Monday, December 22, 2008

Thoughts for Believers on Chanukah and Christmas

Op/Ed by Aimee Herd (December 22, 2008)

Chanukah is a celebration of the miracle of light, as the oil and the lamp burned for 8 days. Jesus coming into the world and into our lives as Savior is also a miracle of light.

To celebrate Chanukah (sometimes spelled Hanukah) is to give God honor and praise for His miraculous protection over, and provision for, His people Israel.

ChanukahAs Believers in Yeshua ha Mashiach (Jesus the Messiah), there are very meaningful and important parallels that can be drawn from this, the Jewish "Festival of Lights." I've shared a few of those below, some of which were originally posted back in 2005, when the first day of Chanukah actually fell on Christmas day. This year, Chanukah begins today; Monday, December 22nd.

For those who are unfamiliar with the historical account behind Chanukah, I've first included some facts…

Chanukah History:
At about 168 BC, during the time the Syrian/Greeks had taken over the Temple in Jerusalem, a band of Jewish rebels known as Macabees, headed up a successful revolt and defeated the Syrian armies—against all odds—reclaiming the Temple for the Jews. The battle was led by Judah and his four brothers. The name Macabee is actually an acrostic for "Who among the mighty is like Thee O God?"

According to the Mishna, it took 8 days to recapture and clean out the Temple. The Talmud says the Syrian/Greek armies had desecrated all the specially prepared jugs of oil which the Jewish High Priest would use for lighting the lamp. However, after searching, they found one small jug left undefiled, containing barely enough oil for one day. The High Priest lighted the lamp and it miraculously burned for eight days, until more oil could be brought in—a beautiful picture of God's sovereign provision for His people.

Parallels between Chanukah and Christmas:
Chanukah is a celebration of the miracle of light, as the oil and the lamp burned for 8 days. Jesus coming into the world and into our lives as Savior is also a miracle of light. John chapter 1 tells us, "In Him was life, and the life was the light of men. And the light shines in the darkness, and the darkness did not comprehend it."

What is exciting to me when we look at the observances of both Chanukah and Christmas, is the definition behind the name of each celebration. Chanukah means "dedication" or "rededication." Christmas means "the birth of Christ."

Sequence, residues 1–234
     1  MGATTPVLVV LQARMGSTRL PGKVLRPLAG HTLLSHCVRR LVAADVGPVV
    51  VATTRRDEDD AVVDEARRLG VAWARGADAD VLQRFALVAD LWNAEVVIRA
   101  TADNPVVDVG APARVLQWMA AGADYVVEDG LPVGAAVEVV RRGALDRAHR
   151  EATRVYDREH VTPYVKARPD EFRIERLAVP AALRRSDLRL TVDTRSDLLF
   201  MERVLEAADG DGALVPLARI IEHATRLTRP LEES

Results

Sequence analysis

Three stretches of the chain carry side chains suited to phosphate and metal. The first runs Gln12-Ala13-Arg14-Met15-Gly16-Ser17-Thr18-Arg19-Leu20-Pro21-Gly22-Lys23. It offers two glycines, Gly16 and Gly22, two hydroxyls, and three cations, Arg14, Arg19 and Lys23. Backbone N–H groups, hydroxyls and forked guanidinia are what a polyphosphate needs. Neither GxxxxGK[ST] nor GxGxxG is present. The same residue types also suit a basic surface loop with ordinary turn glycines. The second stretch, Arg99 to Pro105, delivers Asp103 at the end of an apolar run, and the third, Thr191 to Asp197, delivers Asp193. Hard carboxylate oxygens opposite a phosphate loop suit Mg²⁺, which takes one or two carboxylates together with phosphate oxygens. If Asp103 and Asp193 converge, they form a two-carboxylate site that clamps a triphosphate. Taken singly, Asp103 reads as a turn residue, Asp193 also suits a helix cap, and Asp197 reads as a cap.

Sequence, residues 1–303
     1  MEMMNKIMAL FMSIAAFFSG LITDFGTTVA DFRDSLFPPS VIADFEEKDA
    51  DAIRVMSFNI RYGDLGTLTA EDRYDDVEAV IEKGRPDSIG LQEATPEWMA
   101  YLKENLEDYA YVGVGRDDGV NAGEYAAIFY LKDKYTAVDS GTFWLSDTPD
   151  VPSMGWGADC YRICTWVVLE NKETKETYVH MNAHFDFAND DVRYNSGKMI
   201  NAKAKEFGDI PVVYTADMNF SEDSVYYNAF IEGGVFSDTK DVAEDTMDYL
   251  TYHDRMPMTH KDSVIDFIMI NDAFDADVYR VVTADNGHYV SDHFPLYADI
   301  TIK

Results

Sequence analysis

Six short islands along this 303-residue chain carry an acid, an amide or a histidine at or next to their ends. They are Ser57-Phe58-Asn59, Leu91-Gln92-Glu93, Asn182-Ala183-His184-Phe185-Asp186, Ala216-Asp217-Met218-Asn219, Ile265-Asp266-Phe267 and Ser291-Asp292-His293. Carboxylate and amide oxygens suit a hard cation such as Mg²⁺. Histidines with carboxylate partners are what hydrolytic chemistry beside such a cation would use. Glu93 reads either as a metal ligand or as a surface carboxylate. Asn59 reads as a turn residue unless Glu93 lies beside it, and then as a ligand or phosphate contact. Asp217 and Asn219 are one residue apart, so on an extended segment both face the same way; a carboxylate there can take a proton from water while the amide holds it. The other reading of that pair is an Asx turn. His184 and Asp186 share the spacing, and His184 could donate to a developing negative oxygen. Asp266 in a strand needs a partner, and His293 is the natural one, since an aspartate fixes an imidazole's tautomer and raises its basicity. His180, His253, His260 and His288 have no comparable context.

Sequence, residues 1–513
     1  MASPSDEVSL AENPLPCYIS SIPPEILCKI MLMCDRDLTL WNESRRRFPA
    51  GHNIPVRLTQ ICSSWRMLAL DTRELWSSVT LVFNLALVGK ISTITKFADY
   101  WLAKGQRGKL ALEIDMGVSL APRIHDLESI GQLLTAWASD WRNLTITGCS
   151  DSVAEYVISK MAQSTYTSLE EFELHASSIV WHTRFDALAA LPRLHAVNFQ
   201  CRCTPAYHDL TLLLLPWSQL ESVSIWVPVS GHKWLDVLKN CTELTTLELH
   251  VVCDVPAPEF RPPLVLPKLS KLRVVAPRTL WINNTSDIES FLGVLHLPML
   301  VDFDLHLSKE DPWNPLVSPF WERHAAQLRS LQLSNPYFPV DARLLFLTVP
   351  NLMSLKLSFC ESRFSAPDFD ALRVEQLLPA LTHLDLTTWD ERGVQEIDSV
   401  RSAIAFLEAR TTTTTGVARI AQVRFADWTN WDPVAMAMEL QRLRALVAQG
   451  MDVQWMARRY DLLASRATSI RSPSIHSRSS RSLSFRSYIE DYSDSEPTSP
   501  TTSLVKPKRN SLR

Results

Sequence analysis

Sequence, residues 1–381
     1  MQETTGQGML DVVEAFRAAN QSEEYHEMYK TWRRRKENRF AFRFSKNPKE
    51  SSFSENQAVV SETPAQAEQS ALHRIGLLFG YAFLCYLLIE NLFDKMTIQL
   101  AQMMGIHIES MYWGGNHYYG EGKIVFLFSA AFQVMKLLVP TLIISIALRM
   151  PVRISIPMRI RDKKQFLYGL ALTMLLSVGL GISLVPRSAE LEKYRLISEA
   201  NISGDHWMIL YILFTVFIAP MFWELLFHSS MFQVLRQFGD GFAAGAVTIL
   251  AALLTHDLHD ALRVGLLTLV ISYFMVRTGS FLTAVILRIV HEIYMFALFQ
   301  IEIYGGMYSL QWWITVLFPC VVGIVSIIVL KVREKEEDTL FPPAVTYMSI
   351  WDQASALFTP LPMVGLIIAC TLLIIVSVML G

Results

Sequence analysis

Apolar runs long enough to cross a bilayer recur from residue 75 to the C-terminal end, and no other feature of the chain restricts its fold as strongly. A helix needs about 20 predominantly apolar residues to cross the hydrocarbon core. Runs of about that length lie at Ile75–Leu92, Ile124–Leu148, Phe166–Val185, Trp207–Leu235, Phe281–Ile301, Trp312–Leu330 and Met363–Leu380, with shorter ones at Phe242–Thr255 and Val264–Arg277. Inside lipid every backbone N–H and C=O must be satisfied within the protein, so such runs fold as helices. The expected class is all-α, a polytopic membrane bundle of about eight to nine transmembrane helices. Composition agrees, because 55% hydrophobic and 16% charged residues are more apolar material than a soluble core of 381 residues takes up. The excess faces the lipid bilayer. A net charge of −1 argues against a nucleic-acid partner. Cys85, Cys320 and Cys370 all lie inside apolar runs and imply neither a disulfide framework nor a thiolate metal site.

Rick WarrenPerhaps God speaks to each Believer through these two memorials of His faithfulness to "rededicate" the "birth of Christ" in their lives.

In Rev. 2, in the Bible, Jesus praises the Church in Ephesus for their good works for the Kingdom, however, He warns them that they have left their "first love." He tells them to "remember therefore where you have fallen" and to do the things they did at first, which speaks of rededication.

Also, since the oil, by all natural laws should've been used up after the first day; but continued to provide the lamp with fuel to burn until more could be found or produced, it is a visual reminder of how God miraculously provides for His children. That is a miracle—of provision—which we saw duplicated on at least a couple occasions by Jesus, in the multiplication of food.

The message is clear, and one we desperately need to remember in this time of uncertain economy; Jehovah Jireh—God is our Provider.

Another noteworthy point from the story of Chanukah is that Judah the Macabee was the one who led the offensive to reclaim the Temple. The name "Judah" means praise and, as stated before, the word Macabee is an acrostic for the phrase "Who among the mighty is like Thee O God?" which is also praise. I believe praise and worship can lead the way in rededicating our lives back to our Savior Jesus Christ.

We can reclaim and rededicate our temple of the Holy Spirit, as we come into a place of deep and intimate worship and praise of our awesome God; remembering how He first saved us.

Finally and interestingly enough, one of the traditional songs sung at Chanukah is Maoz Tzur or Rock of Ages. (Not to be confused with the Christian hymn.) The transliteration of the first stanza of this 800-year-old song is as follows:

O mighty stronghold of my salvation, to praise You is a delight.

Restore my House of Prayer and there we will bring a thanksgiving offering.

When You will have prepared the slaughter for the blaspheming foe,

Then I shall complete with a song of hymn the dedication of the Altar.

May the Lord restore our "Houses of Prayer" this Christmas—and this Chanukah—as we remember our first love for the One who gave His life for us, and who has made us each a temple for the light of His Holy Spirit.

And may we each rededicate our lives to our purpose as Believers spoken of in 1 Peter 2:9- "But you are a chosen generation, a royal priesthood, a holy nation, His own special people, that you may proclaim the praises of Him who called you out of darkness into His marvelous light."

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